KUOW's Marcie Sillman talks with Bob Donegan, president and CEO of Ivar's, about why the popular Seattle fish and chips chain will give employees an immediate raise to $15 an hour, increase prices by about 20 percent and do away with tipping at its Lake Union restaurant.
"An epidemic is one of the few catastrophes that could set the world back drastically in the next few decades," Bill Gates warns in an essay he wrote for the March 18 edition of TheNew England Journal of Medicine.
Andreas Lubitz, the co-pilot of the Germanwings plane that crashed in the French Alps last week with 150 passengers on board, received treatment for suicidal tendencies for several years before he became a pilot, a German prosecutor says.
Christoph Kumpa, a spokesman for Duesseldorf investigators, says Lubitz "had been in treatment of a psychotherapist because of what is documented as being suicidal at that time."
Frances Stevens could have been a contender. She was training to be a Golden Gloves boxer and working as a magazine publisher in 1997 when 1,000 copies of the latest issue arrived at her San Francisco office.
"I'd just turned 30. I was an athlete. I had a job that I loved, a life that I loved," she recalls. "And in a second my life changed."
South Carolina Rep. Trey Gowdy's Select Committee on Benghazi announced Friday in a statement that Hillary Clinton had wiped her private email server clean; that the committee is getting no additional emails from her; that it's leaving open the possibility of a third-party investigation; and that Republicans are promising to bring Clinton in for more questioning.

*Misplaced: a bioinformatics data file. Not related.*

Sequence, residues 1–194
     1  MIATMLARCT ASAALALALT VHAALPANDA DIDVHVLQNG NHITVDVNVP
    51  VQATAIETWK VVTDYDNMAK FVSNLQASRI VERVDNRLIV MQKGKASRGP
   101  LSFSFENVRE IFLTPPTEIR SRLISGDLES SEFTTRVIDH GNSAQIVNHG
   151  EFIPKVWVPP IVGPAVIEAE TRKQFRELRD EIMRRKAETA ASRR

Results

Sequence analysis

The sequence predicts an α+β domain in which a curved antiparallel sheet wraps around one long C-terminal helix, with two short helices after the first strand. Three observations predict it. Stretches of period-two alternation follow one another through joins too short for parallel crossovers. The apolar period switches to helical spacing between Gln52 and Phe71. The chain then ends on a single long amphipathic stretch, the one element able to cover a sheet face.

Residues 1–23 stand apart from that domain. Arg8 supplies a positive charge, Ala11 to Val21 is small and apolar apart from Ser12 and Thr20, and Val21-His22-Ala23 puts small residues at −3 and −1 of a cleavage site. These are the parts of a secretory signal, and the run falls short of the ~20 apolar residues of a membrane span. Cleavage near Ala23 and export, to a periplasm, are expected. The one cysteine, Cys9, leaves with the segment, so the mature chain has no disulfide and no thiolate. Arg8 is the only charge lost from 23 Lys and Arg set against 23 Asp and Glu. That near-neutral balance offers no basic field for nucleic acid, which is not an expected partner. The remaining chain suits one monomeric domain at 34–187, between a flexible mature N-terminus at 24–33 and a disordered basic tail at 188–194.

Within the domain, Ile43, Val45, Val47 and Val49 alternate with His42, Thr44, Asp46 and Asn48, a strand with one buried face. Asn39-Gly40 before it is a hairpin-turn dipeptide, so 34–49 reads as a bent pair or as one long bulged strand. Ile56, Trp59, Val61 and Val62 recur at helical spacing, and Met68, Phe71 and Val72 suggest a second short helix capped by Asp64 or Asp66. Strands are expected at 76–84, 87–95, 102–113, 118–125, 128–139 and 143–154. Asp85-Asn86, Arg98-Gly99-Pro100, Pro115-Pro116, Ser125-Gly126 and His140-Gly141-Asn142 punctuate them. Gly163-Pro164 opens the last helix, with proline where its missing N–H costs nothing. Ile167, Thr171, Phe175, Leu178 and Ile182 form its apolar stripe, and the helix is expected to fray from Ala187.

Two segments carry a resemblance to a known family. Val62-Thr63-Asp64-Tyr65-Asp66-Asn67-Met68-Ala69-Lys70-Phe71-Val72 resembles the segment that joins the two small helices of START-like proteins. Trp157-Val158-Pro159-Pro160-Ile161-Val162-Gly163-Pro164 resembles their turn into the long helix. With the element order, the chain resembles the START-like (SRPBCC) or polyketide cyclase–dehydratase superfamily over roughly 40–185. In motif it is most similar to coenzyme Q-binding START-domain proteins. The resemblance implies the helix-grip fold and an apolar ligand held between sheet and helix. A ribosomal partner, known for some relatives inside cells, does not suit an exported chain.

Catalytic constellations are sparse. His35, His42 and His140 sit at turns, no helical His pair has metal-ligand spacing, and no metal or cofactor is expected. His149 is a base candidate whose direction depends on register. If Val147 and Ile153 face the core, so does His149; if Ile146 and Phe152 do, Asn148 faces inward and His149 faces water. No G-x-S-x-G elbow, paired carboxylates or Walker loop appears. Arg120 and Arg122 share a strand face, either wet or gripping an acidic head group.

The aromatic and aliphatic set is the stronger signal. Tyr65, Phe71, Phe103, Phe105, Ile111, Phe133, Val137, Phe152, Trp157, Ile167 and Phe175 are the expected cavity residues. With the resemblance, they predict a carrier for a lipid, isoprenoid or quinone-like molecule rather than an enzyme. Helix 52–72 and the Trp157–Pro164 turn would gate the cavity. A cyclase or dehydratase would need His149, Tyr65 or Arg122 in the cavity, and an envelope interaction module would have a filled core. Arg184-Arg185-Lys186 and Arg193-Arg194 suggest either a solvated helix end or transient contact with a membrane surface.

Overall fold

If you're murdered in America, there's a 1 in 3 chance that the police won't identify your killer.
To use the FBI's terminology, the national "clearance rate" for homicide today is 64.1 percent. Fifty years ago, it was more than 90 percent.
And that's worse than it sounds, because "clearance" doesn't equal conviction: It's just the term that police use to describe cases that end with an arrest, or in which a culprit is otherwise identified without the possibility of arrest — if the suspect has died, for example.
Maybe you've seen them in the gym, or even squeezed into them yourself: super-tight T-shirts, leggings, knee and calf sleeves, even tube tops. More and more athletes are wearing compression garments, hoping they will improve their performance and recovery.
But do they work? This is a question Abigail Stickford, a postdoctoral researcher at UT Southwestern Medical Center in Dallas, wanted to answer.
Indiana Gov. Mike Pence — facing a major backlash from a new law that would allow businesses in the state to cite religious objections to refuse to serve gay people — says he supports an effort to "clarify the intent" of the legislation while acknowledging surprise over the hostility it has sparked.